Project Description

“… THROUGHOUT A PERSON’S LIFE THERE PERSISTS A TENDENCY TO RESERVE TO THE SELF THE LARGEST POSSIBLE SHARE OF THE POWER TO ORGANIZE THE SURROUNDINGS AROUND ITSELF AS THE CENTER.”

THE POWER OF THE CENTER, RUDOLF ARNHEIM

How does power manifest itself and how can it be challenged? Is it possible to subvert millennia of symbolisms that not only have replaced meanings and sedimented a cultural and social understanding of life but also have not left any place for gender alterity other than social ostracism and invisibility? What role does publicness play in the construction of new social forms of protest that are rooted in past knowledge and are able to uncover the discarded, silenced, and erased alternatives to current capitalistic models of social and financial enslavement? Can these old models be viable alternatives, if revisited and adapted, or are they gone forever? Preferring Sinking to Surrender, Part II engages with the concept of protest as a lifetime of daily resistance and resilience in search of alternative itineraries, forms of engagement, and symbolisms. The works of art ditch the pretense of rationality and scientificity and are based on emotive exchanges, historical remnants, and a matriarchal social idea of curare (to take care) that embraces those who have been marginalized, bringing them to the center of power from the periphery where they have been ostracized.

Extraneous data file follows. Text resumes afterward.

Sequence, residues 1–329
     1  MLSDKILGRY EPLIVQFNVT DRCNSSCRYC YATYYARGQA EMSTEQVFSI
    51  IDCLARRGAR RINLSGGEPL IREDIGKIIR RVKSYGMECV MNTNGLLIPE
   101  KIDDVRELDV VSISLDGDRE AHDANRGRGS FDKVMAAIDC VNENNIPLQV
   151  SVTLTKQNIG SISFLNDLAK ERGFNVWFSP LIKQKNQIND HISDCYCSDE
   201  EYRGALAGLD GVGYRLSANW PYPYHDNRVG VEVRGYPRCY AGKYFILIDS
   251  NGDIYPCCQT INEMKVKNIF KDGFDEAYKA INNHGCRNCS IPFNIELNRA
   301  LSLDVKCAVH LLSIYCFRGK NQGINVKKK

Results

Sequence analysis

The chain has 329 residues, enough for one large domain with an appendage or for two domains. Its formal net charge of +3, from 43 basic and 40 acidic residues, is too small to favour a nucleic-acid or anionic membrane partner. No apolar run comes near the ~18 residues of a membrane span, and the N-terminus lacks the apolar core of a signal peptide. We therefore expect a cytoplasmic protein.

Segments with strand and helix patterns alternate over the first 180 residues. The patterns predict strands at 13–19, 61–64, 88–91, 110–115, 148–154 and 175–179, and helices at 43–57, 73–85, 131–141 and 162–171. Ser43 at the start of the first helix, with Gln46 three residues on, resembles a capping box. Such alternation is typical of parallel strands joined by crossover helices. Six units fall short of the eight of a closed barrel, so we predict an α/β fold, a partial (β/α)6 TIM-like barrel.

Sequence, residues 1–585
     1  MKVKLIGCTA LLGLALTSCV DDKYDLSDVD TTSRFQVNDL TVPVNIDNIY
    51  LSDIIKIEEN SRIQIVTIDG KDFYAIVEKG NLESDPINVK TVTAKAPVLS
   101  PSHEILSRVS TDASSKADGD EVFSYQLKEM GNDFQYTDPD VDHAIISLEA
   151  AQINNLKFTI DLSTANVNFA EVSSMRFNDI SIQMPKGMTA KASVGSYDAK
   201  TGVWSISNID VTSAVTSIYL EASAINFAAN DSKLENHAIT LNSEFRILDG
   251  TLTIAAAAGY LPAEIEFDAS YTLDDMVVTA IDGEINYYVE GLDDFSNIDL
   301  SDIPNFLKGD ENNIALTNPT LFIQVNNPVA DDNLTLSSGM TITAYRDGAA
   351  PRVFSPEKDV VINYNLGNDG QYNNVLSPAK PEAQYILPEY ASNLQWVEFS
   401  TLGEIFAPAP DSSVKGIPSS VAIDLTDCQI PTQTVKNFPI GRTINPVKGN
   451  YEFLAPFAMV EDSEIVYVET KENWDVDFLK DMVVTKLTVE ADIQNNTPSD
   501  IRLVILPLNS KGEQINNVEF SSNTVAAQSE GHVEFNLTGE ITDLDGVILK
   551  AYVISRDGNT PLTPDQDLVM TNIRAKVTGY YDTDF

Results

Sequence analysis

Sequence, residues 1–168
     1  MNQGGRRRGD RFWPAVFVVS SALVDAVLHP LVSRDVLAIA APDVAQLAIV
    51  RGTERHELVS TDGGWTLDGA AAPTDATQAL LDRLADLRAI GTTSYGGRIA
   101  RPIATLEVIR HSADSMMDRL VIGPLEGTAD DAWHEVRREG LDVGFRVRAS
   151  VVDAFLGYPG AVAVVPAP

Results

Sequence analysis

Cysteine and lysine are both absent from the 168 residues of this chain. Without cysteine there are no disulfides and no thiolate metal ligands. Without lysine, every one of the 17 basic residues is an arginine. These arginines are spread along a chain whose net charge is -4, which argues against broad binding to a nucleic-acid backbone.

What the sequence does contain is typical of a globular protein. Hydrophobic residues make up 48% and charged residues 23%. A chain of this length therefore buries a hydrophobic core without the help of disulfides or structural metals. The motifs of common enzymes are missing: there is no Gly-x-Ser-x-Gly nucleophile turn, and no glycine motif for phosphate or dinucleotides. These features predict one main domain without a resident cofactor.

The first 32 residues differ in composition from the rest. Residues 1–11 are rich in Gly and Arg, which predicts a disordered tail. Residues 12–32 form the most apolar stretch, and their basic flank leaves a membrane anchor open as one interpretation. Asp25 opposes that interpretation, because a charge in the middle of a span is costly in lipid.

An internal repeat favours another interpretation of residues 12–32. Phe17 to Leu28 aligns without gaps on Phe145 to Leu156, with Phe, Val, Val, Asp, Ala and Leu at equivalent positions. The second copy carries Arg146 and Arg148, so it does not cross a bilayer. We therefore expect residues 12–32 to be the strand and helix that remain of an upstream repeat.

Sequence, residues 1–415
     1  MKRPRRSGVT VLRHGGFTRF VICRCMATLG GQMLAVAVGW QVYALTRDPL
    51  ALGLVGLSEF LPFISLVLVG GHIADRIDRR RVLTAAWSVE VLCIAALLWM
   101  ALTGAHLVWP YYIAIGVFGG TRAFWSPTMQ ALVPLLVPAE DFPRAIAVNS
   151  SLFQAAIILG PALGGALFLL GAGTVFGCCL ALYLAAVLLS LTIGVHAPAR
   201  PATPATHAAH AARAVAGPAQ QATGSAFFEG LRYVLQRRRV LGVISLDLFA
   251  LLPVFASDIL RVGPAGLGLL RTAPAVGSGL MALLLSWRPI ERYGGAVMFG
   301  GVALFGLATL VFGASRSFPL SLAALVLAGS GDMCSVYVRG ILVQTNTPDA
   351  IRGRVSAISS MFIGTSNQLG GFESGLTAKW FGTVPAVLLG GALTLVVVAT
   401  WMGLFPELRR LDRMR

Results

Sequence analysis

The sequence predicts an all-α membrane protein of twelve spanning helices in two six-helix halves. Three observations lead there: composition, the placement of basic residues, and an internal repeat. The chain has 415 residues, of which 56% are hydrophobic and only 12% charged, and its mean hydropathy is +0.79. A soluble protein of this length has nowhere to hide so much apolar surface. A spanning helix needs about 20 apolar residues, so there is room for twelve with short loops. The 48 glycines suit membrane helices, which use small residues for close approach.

Preferring Sinking to Surrender, Part II is one of ten sections of Lanfranco Aceti’s installation titled Preferring Sinking to Surrender which was conceived by the artist for the Italian Pavilion, Resilient Communities, curated by Alessandro Melis for the Venice Architecture Biennale, 2021. The ten sections are: Tools for Catching Clouds; Preferring Sinking to Surrender, Part I; Preferring Sinking to Surrender, Part II; Sacred Waters; Le SchiavoneOrthósSeven Veils; Signs; Rehearsaland The Ending of the End. These sections, singularly and collectively, create a complex narrative that responds to this year’s theme How Will We Live Together? set by Hashim Sarkis, curator of the 17th Venice Architecture Biennale.